Though these changes are fraught with good to the whole community, there are certain aspects of them that are disadvantageous. Year by year it is becoming harder for owners of the small kinds of craft to compete with larger, more expensive, and more effective vessels owned by wealthy companies; and, moreover, relatively fewer men can now find employment. The result is a tendency for unemployed fishermen to leave the picturesque fishing village with its brown sails and its yellow sands, and seek work in the larger fishing ports or in great centres of population, where they but increase the industrial pressure. Hence there is a movement on foot to obtain state aid for fishermen that will enable them to acquire motor boats and so compete with mechanically propelled vessels of greater bulk.

Occupations ancillary to the fisheries are chiefly those in connection with the curing and packing of herrings and certain kinds of white fish. There is employment for a whole army of curers, coopers, gutters, packers, clerks, labourers, carters, and hawkers. In 1910, 2525 people were engaged in the fishery district of Montrose.

In addition to the estuarine and inshore capture of salmon, the North Esk and the South Esk have valuable stations near their mouths. Both salmon and sea trout are caught further up these rivers, while their upper reaches and the numerous other streams and the lochs of the county afford ample sport to the angler for trout and char.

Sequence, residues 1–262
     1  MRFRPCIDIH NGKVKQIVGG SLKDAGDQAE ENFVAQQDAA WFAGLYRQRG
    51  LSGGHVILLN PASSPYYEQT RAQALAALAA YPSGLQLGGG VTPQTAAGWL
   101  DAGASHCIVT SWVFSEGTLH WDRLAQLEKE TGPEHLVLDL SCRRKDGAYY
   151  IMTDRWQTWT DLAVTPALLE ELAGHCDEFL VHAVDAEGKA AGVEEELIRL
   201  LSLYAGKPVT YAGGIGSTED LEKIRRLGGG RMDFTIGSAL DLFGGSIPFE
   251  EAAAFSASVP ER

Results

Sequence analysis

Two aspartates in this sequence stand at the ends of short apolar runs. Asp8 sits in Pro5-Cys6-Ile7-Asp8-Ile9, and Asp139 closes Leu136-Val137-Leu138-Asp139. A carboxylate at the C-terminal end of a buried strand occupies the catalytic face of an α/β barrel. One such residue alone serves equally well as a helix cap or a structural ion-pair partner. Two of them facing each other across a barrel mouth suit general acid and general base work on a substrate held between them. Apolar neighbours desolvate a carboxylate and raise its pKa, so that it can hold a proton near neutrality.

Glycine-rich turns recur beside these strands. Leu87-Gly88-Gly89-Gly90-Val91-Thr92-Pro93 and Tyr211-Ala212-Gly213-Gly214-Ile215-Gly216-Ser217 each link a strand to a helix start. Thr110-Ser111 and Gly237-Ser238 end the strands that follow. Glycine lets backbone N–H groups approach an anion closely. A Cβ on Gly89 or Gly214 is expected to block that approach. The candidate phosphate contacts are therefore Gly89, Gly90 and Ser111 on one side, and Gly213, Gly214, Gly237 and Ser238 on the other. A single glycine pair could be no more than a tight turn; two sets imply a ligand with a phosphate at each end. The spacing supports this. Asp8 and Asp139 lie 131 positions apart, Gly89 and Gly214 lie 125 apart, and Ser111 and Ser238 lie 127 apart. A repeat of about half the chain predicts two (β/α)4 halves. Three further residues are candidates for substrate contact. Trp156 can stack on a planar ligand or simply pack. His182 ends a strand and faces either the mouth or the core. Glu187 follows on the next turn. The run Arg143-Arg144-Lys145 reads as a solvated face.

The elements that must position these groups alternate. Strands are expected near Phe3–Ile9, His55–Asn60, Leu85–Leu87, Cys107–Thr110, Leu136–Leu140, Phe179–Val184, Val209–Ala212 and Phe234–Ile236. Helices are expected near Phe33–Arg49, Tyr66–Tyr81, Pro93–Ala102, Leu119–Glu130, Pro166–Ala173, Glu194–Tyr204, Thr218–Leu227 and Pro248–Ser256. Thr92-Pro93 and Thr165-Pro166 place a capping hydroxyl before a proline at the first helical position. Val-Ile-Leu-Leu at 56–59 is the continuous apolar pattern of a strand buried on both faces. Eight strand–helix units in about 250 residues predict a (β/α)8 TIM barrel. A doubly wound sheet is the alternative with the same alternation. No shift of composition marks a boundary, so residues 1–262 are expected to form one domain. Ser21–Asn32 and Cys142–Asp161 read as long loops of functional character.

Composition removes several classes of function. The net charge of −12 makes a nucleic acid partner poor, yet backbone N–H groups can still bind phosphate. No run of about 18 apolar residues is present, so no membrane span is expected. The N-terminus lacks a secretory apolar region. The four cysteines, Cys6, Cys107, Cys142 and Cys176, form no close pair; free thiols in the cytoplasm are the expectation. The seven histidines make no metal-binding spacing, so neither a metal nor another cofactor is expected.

Dundee has long been distinguished as the headquarters in the country of the whale and seal fishing which used to be prosecuted chiefly in the waters of Greenland. In the earlier days of the industry, whale fishing was carried on in sailing vessels, and about nine of these left the port annually for the Arctic regions. An important advance took place in 1858, when steamers were employed. At first only five steamships sailed from Dundee, but ten years later their number had increased to eleven. The most prosperous year in the history of the Dundee seal and whale fishing was 1874, when eleven vessels captured 44,087 seals and 190 whales, yielding 1420 tons of oil and 1436 cwts. of whalebone, the whole valued at £106,500.

Seal fishing is now regarded as unprofitable, and whaling (with far less satisfactory results than formerly) has been continued only on account of the high price obtained for whalebone. In 1874 this commodity was worth £750 (Per ton) but as much as £2900 per ton has been paid for it, while the price, which fluctuates according to supply and demand, ranges from £1400 to £2500.

Whale oil, which used to fetch £50 per ton, has fallen to £20, owing to the introduction and ever-increasing use of mineral oils.

The Dundee whaling fleet has in consequence of these changes diminished to eight vessels. The gradual extinction of the whale and the difficulty experienced in capturing a sufficient number to pay expenses will no doubt in time cause the trade to die out altogether.

The preparation of oil and the tanning and dressing of sealskins are industries proper to Dundee in connection with these fisheries.